When man seeks to find joy in others, he look for satisfying happiness in how he relates to others and how others relate to him. The high school sophomore will look at his girlfriend and might say, “She makes me happy because she likes me, I feel quite happy.” The college freshman will look at his friends he goes out with on the weekends and might say, “They make me happy because they make me feel important and liked, I feel quite happy.” The over-worked and under-appreciated wife will look at her girl friends (or maybe even another man) and might say, “They make me happy because they actually care about me, I feel quite happy.”

I’m there.

When man seeks to find joy in things, he looks for satisfying happiness in his possessions or in certain activities. The CrossFit junkie will look at the gym he works out at and the work out he’s just completed and might say, “Man, I just killed that workout without a problem, I feel quite happy.” The shoe-loving college girl will look at her footwear collection and might say, “I love how many shoes I have and that I can wear them, I feel quite happy.” The music lover will scan through his iTunes collection and might say, “I have so much good music that I can listen to at any time, I feel quite happy.”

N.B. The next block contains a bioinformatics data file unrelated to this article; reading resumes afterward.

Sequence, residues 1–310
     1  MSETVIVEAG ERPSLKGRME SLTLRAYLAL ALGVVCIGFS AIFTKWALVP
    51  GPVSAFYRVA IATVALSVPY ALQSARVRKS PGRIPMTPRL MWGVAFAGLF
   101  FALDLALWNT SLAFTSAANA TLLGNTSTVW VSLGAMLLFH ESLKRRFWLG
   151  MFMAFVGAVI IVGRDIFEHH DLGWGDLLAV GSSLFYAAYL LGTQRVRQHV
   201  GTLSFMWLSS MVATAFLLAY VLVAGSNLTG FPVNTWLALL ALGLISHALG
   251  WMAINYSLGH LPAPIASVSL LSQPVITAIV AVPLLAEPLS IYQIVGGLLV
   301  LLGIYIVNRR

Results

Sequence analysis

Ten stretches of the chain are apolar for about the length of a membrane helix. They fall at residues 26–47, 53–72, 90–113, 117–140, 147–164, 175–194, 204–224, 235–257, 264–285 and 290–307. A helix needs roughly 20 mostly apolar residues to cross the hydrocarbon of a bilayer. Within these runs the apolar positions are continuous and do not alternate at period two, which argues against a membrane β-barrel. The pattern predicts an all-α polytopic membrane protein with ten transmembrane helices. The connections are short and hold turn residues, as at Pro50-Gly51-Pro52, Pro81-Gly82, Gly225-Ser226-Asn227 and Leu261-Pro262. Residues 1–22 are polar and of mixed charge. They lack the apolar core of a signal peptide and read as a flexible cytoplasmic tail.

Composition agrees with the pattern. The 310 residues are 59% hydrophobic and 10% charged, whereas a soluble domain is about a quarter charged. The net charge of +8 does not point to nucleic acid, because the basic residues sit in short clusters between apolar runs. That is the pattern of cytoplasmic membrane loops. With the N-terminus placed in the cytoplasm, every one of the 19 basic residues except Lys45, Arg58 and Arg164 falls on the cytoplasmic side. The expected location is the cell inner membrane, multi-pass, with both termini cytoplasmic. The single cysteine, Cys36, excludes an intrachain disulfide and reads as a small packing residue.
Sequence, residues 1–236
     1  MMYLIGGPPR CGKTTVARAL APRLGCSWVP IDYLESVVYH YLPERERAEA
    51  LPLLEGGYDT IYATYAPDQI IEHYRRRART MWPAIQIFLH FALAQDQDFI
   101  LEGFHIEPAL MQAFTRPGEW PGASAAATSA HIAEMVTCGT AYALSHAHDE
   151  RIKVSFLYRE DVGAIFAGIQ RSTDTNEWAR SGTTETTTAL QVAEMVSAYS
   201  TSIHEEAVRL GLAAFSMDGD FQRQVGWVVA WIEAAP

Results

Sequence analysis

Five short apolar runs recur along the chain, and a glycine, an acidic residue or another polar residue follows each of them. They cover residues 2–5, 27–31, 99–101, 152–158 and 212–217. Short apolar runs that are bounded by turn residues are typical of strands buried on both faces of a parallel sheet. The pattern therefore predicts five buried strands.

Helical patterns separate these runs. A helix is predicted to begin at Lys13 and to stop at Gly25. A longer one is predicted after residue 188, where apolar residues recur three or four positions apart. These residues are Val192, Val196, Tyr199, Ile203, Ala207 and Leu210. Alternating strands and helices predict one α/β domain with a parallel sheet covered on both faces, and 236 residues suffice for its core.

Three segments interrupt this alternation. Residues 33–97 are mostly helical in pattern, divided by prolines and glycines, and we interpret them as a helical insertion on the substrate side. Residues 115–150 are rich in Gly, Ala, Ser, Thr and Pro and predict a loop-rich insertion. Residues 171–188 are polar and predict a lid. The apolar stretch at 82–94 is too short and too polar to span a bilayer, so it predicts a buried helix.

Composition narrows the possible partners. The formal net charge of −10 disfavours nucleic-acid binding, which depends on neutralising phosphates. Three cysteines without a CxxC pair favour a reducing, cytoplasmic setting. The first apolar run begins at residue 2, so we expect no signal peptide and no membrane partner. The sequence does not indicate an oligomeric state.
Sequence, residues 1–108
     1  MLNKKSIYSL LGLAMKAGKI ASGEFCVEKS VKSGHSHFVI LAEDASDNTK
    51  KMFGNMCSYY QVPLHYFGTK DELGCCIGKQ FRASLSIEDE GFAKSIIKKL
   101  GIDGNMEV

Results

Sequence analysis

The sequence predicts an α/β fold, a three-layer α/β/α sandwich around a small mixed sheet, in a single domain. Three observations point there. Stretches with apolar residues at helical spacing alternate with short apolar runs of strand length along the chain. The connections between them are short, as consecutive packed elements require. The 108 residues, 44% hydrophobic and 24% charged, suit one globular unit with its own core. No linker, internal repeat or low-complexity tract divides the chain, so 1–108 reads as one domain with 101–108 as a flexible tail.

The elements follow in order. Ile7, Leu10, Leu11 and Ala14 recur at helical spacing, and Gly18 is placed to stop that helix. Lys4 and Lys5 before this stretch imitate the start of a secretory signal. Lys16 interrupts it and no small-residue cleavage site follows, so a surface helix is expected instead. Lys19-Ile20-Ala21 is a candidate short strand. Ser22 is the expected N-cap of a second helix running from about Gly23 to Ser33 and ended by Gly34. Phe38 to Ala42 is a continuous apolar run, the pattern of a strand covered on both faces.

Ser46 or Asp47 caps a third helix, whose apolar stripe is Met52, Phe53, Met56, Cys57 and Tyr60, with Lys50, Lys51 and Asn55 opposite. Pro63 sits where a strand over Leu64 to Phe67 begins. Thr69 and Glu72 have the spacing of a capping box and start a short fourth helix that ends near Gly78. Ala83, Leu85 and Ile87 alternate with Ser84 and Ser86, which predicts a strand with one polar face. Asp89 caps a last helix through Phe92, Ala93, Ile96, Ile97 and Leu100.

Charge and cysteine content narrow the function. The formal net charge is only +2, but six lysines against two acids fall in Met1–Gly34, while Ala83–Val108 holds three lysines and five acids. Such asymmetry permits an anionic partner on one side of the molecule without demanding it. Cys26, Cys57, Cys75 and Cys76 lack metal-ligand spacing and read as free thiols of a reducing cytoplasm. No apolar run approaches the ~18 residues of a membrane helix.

I’m there.

Because I’m there, I can tell you that the music collection, the girlfriend and the grades DON’T bring full satisfaction. They can bring happiness, but only temporary. How many people that love music are ever fully satisfied with the music they currently have? How many guys are ever fully satisfied with either one girlfriend or where they are with their girlfriend? How many students are fully satisfied with one A?